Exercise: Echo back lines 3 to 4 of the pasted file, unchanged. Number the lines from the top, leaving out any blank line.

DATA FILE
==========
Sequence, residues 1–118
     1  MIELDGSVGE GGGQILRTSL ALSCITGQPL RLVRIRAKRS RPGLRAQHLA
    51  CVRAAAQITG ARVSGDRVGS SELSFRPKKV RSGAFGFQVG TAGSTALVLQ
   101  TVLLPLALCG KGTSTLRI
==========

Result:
    51  CVRAAAQITG ARVSGDRVGS SELSFRPKKV RSGAFGFQVG TAGSTALVLQ
   101  TVLLPLALCG KGTSTLRI